It's pretty rare these days for a poem to get a lot of attention online. But this one's grabbed millions of people with its message about bullying and mental health, and a beautifully animated video to go with it.
Poet Shane Koyczan, who was born in Yellowknife and grew up in Penticton, B.C., wrote the spoken-word poem 'To This Day'.
The poem starts out with memories of bullying and name-calling from Shane's childhood, and expands from there to talk about the struggle with bullying, depression and drug addiction that many people face.
It ends with a message about standing up for the underdog, and focusing on beauty rather than pain.
Koyczan appeared on CBC's Metro Morning to talk about the poem and the project. Host Matt Galloway calls it "an incredibly powerful piece that details the daily humiliations endured by a bullied child."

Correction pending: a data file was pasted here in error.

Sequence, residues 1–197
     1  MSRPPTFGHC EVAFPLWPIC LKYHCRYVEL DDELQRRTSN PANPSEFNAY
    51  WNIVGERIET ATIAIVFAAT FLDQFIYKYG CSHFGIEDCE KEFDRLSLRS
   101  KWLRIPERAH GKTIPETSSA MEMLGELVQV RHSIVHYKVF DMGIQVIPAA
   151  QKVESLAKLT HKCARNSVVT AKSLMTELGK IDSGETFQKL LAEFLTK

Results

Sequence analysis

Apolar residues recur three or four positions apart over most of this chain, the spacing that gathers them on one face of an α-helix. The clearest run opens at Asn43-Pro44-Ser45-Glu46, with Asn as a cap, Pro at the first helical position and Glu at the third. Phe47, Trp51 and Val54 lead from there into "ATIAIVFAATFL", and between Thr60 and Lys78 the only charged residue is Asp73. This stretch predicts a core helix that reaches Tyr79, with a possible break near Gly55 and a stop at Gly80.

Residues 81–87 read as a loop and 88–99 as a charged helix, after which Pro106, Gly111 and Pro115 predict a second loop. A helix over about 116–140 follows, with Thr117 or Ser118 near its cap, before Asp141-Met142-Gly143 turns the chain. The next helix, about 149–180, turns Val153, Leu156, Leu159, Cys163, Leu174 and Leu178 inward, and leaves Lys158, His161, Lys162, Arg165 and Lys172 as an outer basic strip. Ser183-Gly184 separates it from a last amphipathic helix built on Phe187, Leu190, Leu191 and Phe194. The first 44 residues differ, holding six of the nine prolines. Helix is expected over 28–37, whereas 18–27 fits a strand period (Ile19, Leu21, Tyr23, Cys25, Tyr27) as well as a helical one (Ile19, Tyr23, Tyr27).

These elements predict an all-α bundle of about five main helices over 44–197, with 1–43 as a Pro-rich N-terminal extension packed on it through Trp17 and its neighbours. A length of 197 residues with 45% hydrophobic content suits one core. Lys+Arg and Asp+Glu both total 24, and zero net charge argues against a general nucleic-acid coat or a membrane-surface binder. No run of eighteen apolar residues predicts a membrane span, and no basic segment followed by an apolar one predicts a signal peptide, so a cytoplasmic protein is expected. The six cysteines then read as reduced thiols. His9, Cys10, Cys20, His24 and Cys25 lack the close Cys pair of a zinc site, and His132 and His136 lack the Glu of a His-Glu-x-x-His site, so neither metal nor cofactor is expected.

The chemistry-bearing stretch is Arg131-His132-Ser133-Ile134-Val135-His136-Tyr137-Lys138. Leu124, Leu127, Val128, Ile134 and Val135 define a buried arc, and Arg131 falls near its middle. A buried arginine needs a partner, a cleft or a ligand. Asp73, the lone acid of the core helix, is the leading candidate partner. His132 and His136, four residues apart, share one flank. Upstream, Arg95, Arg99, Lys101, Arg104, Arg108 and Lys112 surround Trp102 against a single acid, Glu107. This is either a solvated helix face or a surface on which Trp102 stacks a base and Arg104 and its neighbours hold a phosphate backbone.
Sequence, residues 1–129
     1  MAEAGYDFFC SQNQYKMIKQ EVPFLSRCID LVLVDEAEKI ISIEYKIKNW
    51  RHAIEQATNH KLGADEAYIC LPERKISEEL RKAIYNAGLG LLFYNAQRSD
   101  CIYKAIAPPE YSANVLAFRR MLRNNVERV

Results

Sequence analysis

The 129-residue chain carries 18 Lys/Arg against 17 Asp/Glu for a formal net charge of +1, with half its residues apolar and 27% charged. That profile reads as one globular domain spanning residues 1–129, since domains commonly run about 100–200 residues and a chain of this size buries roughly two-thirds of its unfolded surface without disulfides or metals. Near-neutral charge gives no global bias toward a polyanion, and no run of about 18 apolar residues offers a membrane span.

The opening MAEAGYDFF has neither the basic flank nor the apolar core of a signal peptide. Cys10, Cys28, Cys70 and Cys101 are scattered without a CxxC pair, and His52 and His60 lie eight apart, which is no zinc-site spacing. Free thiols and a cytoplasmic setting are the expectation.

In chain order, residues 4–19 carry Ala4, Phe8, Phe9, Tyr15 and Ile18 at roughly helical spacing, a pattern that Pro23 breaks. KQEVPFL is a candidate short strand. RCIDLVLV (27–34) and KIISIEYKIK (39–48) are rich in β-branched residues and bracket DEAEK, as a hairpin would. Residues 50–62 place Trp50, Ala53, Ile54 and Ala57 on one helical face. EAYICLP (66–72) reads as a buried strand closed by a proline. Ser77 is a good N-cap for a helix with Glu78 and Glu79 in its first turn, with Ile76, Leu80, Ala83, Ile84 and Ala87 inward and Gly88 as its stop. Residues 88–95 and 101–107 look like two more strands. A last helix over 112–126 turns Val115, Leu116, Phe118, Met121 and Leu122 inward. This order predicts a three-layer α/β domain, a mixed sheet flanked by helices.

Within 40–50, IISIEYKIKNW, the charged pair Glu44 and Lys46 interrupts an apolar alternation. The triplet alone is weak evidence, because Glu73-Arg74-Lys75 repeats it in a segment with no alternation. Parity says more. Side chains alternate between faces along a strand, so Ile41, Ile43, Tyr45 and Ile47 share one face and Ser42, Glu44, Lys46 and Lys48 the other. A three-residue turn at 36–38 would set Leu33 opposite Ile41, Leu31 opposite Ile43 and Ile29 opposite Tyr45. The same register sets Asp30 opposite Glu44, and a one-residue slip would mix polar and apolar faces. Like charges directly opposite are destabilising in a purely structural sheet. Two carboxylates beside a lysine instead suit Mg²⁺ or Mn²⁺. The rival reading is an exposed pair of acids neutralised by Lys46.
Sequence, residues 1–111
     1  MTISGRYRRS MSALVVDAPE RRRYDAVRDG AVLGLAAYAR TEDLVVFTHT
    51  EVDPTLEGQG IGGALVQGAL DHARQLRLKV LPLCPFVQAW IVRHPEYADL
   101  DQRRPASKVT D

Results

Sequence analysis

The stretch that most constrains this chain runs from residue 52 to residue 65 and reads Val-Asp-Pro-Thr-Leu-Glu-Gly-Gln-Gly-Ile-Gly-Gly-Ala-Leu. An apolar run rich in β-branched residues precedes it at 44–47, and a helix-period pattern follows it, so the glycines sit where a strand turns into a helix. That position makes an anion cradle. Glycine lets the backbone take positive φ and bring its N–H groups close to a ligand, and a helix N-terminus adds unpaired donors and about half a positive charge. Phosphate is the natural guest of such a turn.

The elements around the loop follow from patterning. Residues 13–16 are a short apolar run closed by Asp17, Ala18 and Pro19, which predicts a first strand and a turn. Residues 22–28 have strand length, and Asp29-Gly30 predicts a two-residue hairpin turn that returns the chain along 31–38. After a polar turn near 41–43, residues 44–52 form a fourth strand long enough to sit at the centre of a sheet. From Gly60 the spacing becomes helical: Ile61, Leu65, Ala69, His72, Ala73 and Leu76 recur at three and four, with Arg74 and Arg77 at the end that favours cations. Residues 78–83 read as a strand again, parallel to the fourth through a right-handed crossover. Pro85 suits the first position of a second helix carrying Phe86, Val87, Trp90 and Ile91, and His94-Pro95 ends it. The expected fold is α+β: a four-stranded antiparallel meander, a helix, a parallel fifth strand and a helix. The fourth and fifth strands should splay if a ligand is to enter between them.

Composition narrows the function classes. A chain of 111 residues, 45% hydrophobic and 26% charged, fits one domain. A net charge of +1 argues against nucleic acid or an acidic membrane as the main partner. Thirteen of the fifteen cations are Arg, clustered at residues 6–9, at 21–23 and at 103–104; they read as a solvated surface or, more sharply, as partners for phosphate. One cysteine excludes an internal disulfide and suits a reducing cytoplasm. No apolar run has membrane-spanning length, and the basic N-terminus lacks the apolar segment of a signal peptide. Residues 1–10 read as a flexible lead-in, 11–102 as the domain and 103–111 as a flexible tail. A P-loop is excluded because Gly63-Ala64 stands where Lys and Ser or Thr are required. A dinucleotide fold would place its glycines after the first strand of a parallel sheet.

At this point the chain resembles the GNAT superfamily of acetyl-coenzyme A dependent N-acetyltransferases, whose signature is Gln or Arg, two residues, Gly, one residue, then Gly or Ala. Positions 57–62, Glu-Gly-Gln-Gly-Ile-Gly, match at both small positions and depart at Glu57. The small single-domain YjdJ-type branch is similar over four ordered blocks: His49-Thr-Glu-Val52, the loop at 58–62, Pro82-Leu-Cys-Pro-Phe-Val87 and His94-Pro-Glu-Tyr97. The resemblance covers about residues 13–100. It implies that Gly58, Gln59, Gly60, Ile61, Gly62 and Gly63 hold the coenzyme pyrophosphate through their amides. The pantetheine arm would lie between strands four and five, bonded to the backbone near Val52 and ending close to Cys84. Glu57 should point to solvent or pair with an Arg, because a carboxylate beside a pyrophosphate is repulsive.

In the interview, Koyczan discusses the relationship between bullies and victims - and says he's been both in his life.
"The one theme that remains the constant is that it happens to people who are different, and oftentimes there are more victims than there are actual bullies," he said. "And I wanted them to see that they're connected through this pain, or through this emptiness, or loneliness, or whatever you want to call it."
You can listen to the full interview right here.
The poem has been around for a while. But the video is new: it was organized by creative studio Giant Ant, who gathered a large team of animators to create the visuals in the piece.
It was released to coincide with Pink Shirt Day, an event held on the last Wednesday of every February (it will happen on the 27th this year) to promote awareness, understanding and openness about the problem of bullying.
The video features animation that varies in style from hand-drawn to stop motion to computer graphics. A full list of the animators runs at the end of the video. The music is by Koyczan's band, 'Short Story Long'.
To find out more about the project, check out the To This Day site, and Shane's personal site.
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